Light Italian Cubesat for Imaging of Asteroids

Thematic line: asteroid exploration and study; planetary defense

Mission management: ASI

Launch date: window opens on late November 2021

Mission end: Autumn 2022



LICIACube – the Light Italian Cubesat for Imaging of Asteroids - is a space mission of the Italian Space Agency (ASI), and will be part of the NASA DART mission, whose aim will be the first real scale test of the kinetic impact technique for planetary defense purposes.

DART spacecraft has been developed by the APL (Applied Physics Laboratory) of the Johns Hopkins University. The main aim of the DART mission is to modify by a measurable quantity the orbit around its primary body of Dimorphos, natural satellite of the asteroid (65803) Didymos. The revolution period variation of Dimorphos will be measured soon after the impact and for months and years after it.

DART will be launched at the end of 2021 (nominal launch date 24th November 2021). LICIACube will be hosted as secondary spacecraft during all the interplanetary cruise, being then released by its dispenser around 10 days before the impact, thus continuing its path through the asteroidal system using an autonomous navigation system in order to witness the DART impact on Dimorphos and acquire images of the target in the post-impact scenario.

The design of the LICIACube spacecraft is based on a 6U platform developed by the aerospace company Argotec  in the framework of the ArgoMoon mission, adequately suited for the LICIACube mission, which will host two instruments:

- LEIA (LICIACube Explorer Imaging for Asteroid), a narrow field panchromatic camera to acquire images from long distance with a high spatial resolution.

- LUKE (LICIACube Unit Key Explorer), a wide field RGB camera, allowing a multicolor analysis of the asteroidal environment.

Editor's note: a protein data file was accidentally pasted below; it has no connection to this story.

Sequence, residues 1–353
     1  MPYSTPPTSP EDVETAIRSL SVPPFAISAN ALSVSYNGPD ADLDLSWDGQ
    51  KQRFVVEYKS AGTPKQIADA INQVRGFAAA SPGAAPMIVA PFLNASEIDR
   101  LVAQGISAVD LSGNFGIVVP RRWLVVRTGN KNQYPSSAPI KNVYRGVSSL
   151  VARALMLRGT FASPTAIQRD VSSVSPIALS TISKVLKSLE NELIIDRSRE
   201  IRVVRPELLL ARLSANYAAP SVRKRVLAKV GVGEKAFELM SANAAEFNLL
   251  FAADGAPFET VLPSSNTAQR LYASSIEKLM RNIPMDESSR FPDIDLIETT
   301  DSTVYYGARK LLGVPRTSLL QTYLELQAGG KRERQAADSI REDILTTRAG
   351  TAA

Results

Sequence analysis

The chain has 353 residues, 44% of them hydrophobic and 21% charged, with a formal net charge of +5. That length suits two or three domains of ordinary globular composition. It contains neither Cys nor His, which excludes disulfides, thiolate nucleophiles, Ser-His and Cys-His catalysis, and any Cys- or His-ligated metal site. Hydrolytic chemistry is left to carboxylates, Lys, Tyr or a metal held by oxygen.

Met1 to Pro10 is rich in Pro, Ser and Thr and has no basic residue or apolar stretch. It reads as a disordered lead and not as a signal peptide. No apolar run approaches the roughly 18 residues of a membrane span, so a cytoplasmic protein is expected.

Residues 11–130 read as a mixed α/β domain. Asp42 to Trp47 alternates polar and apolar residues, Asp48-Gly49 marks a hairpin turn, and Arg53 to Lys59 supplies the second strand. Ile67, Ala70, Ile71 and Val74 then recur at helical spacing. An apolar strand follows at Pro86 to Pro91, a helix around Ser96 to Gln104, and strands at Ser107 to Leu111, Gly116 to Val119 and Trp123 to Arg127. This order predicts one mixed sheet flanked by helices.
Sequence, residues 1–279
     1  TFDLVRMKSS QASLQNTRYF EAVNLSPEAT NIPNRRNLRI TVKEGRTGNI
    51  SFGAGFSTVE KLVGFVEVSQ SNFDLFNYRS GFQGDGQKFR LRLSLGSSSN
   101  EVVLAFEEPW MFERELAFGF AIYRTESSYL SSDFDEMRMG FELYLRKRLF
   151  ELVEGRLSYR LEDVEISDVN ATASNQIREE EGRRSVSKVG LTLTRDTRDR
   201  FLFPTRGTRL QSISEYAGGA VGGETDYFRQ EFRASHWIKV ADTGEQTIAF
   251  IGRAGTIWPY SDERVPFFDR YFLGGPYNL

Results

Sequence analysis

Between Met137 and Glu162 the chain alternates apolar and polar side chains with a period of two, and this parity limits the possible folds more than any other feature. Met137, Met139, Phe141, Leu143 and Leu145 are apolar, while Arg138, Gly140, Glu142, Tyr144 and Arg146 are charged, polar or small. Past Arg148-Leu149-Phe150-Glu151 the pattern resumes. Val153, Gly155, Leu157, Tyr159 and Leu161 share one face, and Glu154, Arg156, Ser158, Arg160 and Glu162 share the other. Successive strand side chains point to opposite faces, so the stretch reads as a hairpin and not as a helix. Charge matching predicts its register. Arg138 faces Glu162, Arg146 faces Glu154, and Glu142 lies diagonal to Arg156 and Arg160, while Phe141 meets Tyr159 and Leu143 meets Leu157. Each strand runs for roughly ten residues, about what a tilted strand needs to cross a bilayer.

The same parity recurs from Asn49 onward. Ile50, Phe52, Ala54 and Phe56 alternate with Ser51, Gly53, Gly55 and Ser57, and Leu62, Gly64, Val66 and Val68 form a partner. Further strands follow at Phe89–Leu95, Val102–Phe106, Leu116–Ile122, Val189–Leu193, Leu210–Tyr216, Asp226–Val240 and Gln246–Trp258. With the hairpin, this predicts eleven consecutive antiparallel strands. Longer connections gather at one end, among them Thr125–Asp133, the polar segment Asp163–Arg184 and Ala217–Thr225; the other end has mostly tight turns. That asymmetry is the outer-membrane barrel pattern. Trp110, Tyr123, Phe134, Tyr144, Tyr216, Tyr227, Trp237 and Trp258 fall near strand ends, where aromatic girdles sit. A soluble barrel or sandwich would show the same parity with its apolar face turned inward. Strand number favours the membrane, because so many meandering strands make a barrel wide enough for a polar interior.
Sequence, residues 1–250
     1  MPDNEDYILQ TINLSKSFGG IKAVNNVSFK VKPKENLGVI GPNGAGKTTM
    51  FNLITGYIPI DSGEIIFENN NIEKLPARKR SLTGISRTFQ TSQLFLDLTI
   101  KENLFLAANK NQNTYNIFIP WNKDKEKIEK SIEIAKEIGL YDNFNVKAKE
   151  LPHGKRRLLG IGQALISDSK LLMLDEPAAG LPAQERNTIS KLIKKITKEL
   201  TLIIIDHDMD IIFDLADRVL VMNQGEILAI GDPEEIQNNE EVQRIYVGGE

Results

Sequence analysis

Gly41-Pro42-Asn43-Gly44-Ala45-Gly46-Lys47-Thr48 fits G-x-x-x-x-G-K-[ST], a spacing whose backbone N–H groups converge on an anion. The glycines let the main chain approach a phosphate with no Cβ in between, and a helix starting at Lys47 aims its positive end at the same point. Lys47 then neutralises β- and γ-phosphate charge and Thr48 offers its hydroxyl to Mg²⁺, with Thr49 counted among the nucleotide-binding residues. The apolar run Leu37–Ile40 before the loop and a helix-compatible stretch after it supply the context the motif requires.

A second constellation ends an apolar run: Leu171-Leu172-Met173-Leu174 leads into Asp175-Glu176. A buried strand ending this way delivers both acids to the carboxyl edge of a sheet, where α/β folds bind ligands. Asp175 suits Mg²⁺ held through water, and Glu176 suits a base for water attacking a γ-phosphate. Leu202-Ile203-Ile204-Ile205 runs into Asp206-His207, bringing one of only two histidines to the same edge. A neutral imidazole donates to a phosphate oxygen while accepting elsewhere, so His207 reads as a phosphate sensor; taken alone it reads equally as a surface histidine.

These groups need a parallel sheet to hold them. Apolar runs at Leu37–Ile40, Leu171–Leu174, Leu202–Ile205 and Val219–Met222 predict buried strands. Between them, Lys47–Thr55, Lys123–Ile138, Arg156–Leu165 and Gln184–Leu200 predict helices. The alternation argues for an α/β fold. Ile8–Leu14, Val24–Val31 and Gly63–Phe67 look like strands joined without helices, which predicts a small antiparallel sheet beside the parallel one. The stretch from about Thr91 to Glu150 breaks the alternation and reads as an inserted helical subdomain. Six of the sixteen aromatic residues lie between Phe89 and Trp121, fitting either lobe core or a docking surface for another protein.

Scientific objectives

The (65803) Didymos system has been identified as a binary asteroid, as roughly 15% of the Near-Earth Asteroids (NEA). The primary asteroid, with a diameter of roughly 780 meters, has been classified as an S type, with similarities to L/LL meteorites. The composition of the secondary, with a diameter of roughly 160 meters and orbiting at a distance of 1.2 km from its primary, is still not known.

The scientific objectives of the LICIACube mission can be summarized as follows:

- to witness the DART impact on the Dimorphos surface;

- study the formation of the plume generated by the impact, in particular to characterize its structure and evolution, directly linked to the structure of the asteroid surface material;

- characterize – depending on the plume’s dissipation rate – the impact site on the Dimorphos surface, to obtain measures of the crater’s size and morphology;

- observing the non-impacted hemisphere, to contribute to dimension and volume estimate of the target itself.

Mission team

LICIACube is the first deep-space mission autonomously developed and managed by an entirely Italian team. The design and the integration and test procedures have been assigned by ASI to the Argotec company, whereas the flight operation management is based on a joint activity of Argotec Mission Control Center, NASA Deep Space Network antennas and ASI Space Science Data Center, for what concerns data processing and archiving. The scientific team, composed by a large Italian community involving several members from research institutes and universities, is coordinated by INAF (Istituto Nazionale di Astrofisica) and will develop the following activities:

- mission trajectory design (Polytechnic of Milan)

- real time mission definition and orbit determination during the operation (University of Bologna)

- impact simulation, plume formation, in-situ images, analysis preparation and data analysis during the mission (INAF - Osservatorio Astronomico di Roma; INAF - Osservatorio Astrofisico di Arcetri; INAF - Osservatorio Astronomico di Padova; INAF - Osservatorio Astronomico di Trieste; INAF - Istituto di Astrofisica e Planetologia Spaziali; INAF Osservatorio Astronomico di Capodimonte; IFAC - CNR; Università Parthenope).

LICIACube Science Operation Center

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